LAWRENCE — Before Andrew Williams could settle into his new job at the University of Kansas this fall, he had one task to complete over the summer: help save the world.
Williams is the new associate dean for diversity & inclusion at the School of Engineering. In July, just a couple of weeks after he arrived on the KU campus to start in his new role, he worked as a facilitator and mentor at the Global Grand Challenge Summit — a multinational gathering of engineers focused on big ideas considered crucial to humankind’s survival.
“The vision is making our world more healthy, sustainable, safe and joyful,” Williams said. “We want to engage the next generation in solving these problems.”
The summit, held July 18-20 in Washington, D.C., was sponsored National Academy of Engineering, the UK Royal Academy of Engineering and the Chinese Academy of Engineering. It’s the continuation of efforts started by those organizations at a 2008 summit.
Among the challenges being pursued at the summit: How to expand access to clean drinking water, secure cyberspace and engineer better medicines. Speakers included top officials from Oculus, Google, the China Meteorological Association and the United Kingdom’s chief medical officer.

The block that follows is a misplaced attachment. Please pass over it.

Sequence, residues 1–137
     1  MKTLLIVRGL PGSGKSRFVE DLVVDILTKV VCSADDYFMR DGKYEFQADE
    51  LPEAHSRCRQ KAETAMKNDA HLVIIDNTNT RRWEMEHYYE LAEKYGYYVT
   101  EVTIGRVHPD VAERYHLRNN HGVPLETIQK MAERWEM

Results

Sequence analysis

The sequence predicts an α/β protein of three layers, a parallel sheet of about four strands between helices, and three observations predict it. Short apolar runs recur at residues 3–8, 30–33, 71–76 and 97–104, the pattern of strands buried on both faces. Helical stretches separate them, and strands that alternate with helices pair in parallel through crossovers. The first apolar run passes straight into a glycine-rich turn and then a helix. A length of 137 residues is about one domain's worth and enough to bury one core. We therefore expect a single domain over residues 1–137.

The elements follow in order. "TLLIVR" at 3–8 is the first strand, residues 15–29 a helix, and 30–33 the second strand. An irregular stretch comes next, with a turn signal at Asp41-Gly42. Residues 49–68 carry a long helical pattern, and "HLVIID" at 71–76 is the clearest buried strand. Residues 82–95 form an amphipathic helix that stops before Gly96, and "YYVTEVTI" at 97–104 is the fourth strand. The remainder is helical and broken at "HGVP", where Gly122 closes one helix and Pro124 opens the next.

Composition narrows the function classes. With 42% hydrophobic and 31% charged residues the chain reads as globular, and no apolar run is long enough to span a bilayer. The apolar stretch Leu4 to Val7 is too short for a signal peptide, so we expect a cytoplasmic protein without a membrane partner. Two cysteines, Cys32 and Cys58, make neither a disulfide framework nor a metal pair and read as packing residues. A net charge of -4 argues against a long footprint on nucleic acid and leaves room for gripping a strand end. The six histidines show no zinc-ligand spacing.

“It’s almost like, what are the next moon shots that engineering can try to tackle?” said Williams, who also attended the 2015 summit in Beijing. “The reason they’re doing it across nations — the amount of pollution in China is going to affect other countries. Nuclear threats in one country can affect another. If cyberspace isn’t secure in one country, we’re all susceptible to attacks.”
Williams attended this year’s summit as a facilitator for brainstorming sessions, as well as a mentor to student engineers charged with creating a podcast highlighting the work being done on the “grand challenges.”
“Solving these grand challenges in engineering is about doing cutting-edge research,” Williams said, “but it’s also about developing the next generation of students who will be tackling these challenges.”
And as befits his new KU job, Williams paid close attention to activities of minority and female engineering students at the summit. Engineering can make their worlds better, too, he said.
“Once they see how technology can be used to make positive changes in their communities and the world, that motivates them more to learn engineering,” he said. “It’s not just learning math equations to learn math equations, but to cure a disease or to provide better living conditions.”
Williams earned his undergraduate degree from KU in 1988 and his doctorate from the university in 1999. He comes to Lawrence from Marquette University, where he served as professor and director of the Humanoid Engineering & Intelligent Robotics Lab. He’ll bring some of the ideas — and focus — from the summit to university.
“That’s really the challenge — getting students excited about these challenges at a young age,” he said, “and letting them know there’s a career pathway to help people tackle these challenges.”